It is true, the physicians’ court might be liable to abuse like other courts. The powerful of the earth might use it to decide cases to suit themselves. But if the evidence were presented openly and the decisions made public before the death of the child, there would be little danger of mistakes or abuses. Anyone interested in the case who did not believe the child ought to die might be permitted to provide for its care and maintenance. It would be humanly impossible to give absolute guarantees for every baby worth saving, but a similar condition prevails throughout our lives. Conservatives ask too much perfection of these new methods and institutions, although they know how far the old ones have fallen short of what they were expected to accomplish. We can only wait and hope for better results as the average of human intelligence, trustworthiness and justice arises. Meanwhile we must decide between a fine humanity like Dr. Haiselden’s and a cowardly sentimentalism.
Madison Grant, in his The Passing of the Great Race (1916):
Mistaken regard for what are believed to be divine laws and a sentimental belief in the sanctity of human life tend to prevent both the elimination of defective infants and the sterilization of such adults as are themselves of no value to the community. The laws of nature require the obliteration of the unfit and human life is valuable only when it is of use to the community or race.
H. J. Muller in the first annual address to the American Society of Human Geneticists (1949)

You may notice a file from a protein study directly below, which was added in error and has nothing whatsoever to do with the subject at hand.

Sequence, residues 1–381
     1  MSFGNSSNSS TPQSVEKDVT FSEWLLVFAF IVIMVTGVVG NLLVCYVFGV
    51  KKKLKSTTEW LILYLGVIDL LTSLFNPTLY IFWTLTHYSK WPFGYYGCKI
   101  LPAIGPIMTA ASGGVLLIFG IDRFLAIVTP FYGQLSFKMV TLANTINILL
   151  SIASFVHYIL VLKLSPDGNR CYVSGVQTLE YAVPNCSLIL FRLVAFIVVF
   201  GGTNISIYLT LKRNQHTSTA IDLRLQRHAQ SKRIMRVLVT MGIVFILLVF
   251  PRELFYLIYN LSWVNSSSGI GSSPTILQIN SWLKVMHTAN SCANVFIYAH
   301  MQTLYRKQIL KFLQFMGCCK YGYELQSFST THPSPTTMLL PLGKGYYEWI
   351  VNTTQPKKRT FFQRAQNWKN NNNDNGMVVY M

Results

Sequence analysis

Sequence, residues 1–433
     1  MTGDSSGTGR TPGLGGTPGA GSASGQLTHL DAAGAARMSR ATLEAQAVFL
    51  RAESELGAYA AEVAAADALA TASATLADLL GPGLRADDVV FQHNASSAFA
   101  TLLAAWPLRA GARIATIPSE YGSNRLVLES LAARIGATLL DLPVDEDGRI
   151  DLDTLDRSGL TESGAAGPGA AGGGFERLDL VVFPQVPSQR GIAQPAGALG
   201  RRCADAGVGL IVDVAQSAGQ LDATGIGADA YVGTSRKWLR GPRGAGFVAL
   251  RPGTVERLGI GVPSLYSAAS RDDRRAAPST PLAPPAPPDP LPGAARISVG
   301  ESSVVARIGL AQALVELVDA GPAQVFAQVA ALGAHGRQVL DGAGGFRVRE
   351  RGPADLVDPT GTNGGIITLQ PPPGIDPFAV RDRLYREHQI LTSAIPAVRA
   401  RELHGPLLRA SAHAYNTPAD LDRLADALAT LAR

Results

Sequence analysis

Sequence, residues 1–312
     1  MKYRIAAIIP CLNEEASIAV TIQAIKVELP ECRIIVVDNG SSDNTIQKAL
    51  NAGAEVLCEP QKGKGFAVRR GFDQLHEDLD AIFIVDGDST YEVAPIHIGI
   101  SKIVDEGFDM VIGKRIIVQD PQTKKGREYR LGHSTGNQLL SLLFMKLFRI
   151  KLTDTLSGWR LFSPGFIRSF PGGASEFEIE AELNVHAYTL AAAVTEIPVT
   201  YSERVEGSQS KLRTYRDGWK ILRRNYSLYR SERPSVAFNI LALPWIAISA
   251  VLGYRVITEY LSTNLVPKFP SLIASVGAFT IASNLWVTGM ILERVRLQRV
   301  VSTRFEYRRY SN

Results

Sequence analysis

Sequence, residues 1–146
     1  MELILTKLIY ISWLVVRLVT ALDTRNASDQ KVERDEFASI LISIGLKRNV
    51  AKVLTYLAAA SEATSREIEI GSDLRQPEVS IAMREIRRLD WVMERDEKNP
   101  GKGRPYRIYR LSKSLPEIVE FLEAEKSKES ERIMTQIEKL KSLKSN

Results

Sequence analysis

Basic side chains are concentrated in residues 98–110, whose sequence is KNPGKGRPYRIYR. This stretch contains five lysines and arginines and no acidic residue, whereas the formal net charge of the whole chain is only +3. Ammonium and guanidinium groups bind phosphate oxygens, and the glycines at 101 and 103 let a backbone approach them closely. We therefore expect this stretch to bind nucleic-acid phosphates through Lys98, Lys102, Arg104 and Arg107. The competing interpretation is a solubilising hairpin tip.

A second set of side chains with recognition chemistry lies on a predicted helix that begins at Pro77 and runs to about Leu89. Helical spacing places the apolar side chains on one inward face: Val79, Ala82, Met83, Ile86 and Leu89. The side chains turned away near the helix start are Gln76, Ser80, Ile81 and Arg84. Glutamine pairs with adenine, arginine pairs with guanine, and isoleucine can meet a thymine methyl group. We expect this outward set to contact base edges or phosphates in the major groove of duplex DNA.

The avoidance of the penalty (pg 150-151)
Unless means could be found of lessening the natural mutation rate (a feat that would require the extended maintenance of the germ cells in vitro as a regular procedure), this rate represents a base line, an irreducible minimum, below which gene elimination cannot permanently be decreased. As shown above, attempts to do so can have only temporary success. We cannot eat our cake today and have it tomorrow. In later generations, a genetic selection must be resumed which is in its essentials as rigorous as that which was necessary for the maintenance of equilibrium under the most primitive conditions. [ie., natural selection. See previous section in Muller’s work, pg 144 ff, titled “The penalty for relaxing natural selection.]
But to pessimists protesting, “What price progress then?” it must be pointed out that there is after all one and just one way of avoiding the fiasco of a full fledged resumption of ordinary natural selection. That method, whether we like it or not, is purposive control over reproduction, exercised in such wise as to anticipate the need for natural selection of the usual, externally imposed type.